Serbia's president said Friday that the US' secretary of state told him of possible measures that may be taken against Belgrade as tensions rise following deadly clashes in Kosovo between ethnic Serbs and police.
"I told (Antony Blinken) — you are a big country, a big power. It's yours to do what you think you have to. I'm absolutely against that and I think it's very bad, but there are things we have to stick to, and that is first and foremost the truth," Aleksandar Vucic said after a phone conversation with Blinken.
Vucic said they had agreed on the need for de-escalation of tensions and a greater role for the NATO-led peacekeeping mission in Kosovo (KFOR).
"I had a long and easy conversation with Secretary of State Blinken. There are several things that we agreed and there are several other things on which we didn't agreed. I informed him with details about the facts about the recent events in Kosovo," Vucic told media outlets.
One of the matters on which they disagreed was the nature of the clashes in Kosovo and especially issues related to Kosovo's sovereignty.
"I don't want to hide anything and I'm not interested in what anyone in the world thinks about it, because we have evidence that at least one, and possibly two persons were literally liquidated in cold blood and that they were not liquidated in battle but wounded, they were alive, they surrendered, and then they were liquidated in cold blood from a short distance," said Vucic.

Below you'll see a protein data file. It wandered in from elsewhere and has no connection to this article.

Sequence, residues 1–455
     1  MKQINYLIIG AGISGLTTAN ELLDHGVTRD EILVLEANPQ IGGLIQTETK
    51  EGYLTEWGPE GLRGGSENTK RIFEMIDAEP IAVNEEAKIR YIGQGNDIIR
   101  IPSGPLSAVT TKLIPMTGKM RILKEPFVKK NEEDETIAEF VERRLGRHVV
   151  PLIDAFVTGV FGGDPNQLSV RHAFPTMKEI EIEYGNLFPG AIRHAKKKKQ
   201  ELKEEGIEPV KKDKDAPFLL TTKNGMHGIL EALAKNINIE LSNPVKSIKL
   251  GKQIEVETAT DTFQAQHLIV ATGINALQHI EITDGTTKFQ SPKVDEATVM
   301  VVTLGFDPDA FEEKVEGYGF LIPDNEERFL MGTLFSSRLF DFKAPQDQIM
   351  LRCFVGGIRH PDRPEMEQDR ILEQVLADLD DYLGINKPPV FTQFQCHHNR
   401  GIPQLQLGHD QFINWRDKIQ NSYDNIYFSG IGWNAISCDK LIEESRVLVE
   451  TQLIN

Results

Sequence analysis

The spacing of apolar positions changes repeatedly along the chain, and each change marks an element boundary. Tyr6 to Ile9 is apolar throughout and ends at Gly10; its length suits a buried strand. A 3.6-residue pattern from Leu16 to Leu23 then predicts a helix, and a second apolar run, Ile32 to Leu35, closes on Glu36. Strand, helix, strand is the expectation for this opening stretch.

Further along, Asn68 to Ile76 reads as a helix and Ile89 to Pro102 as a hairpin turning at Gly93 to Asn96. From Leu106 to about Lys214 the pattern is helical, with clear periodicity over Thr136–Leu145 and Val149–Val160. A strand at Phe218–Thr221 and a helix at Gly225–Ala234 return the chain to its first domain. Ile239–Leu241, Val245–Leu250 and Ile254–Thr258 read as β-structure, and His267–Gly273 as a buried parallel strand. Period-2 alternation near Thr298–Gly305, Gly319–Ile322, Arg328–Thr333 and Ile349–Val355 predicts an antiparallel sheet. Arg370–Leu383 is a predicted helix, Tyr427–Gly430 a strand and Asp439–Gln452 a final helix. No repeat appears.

According to the US Department of State's readout of the phone call, the two discussed the "importance of taking immediate measures to de-escalate tensions with Kosovo in the wake of the September 24 violence and death of a Kosovo Police Sergeant."
"The Secretary underscored that those responsible for the attacks who are now in Serbia must be held accountable," State Department spokesman Matthew Miller said in a statement.
Blinken also voice support for the actions of KFOR and EULEX (EU rule of law mission in Kosovo), noting that incidents like those near the Banjska Monastery present "unacceptable challenges" to Kosovo force and the international community, according to Miller.
Blinken also welcomed KFOR's increased presence and the North Atlantic Council's decision to authorize additional forces, Miller said.
"The Secretary reiterated Serbia must accompany immediate de-escalation with full implementation of its commitments under the normalization agreement within the EU-facilitated Dialogue," he added.
On Sunday, a clash broke out in the village of Banjska in northern Kosovo near the Serbian border when a group of armed Serbs blocked a bridge with two trucks. A shootout erupted after the group opened fire on police, leaving one police officer dead and another injured.
The area has been the scene of unrest since April, when local ethnic Serbs boycotted elections in northern Kosovo, followed by protests against the election of ethnic Albanian mayors.
Albanians are by far the largest ethnic group in Kosovo, followed by Serbs, with about half living in the country's north.
Kosovo declared independence from Serbia in 2008 and gained recognition from many countries, including Türkiye. But Belgrade has never recognized Kosovo and claims that its territory is still part of Serbia.
* Contributions by Rabia Iclal Turan in Washington.Anadolu Agency website contains only a portion of the news stories offered to subscribers in the AA News Broadcasting System (HAS), and in summarized form. Please contact us for subscription options.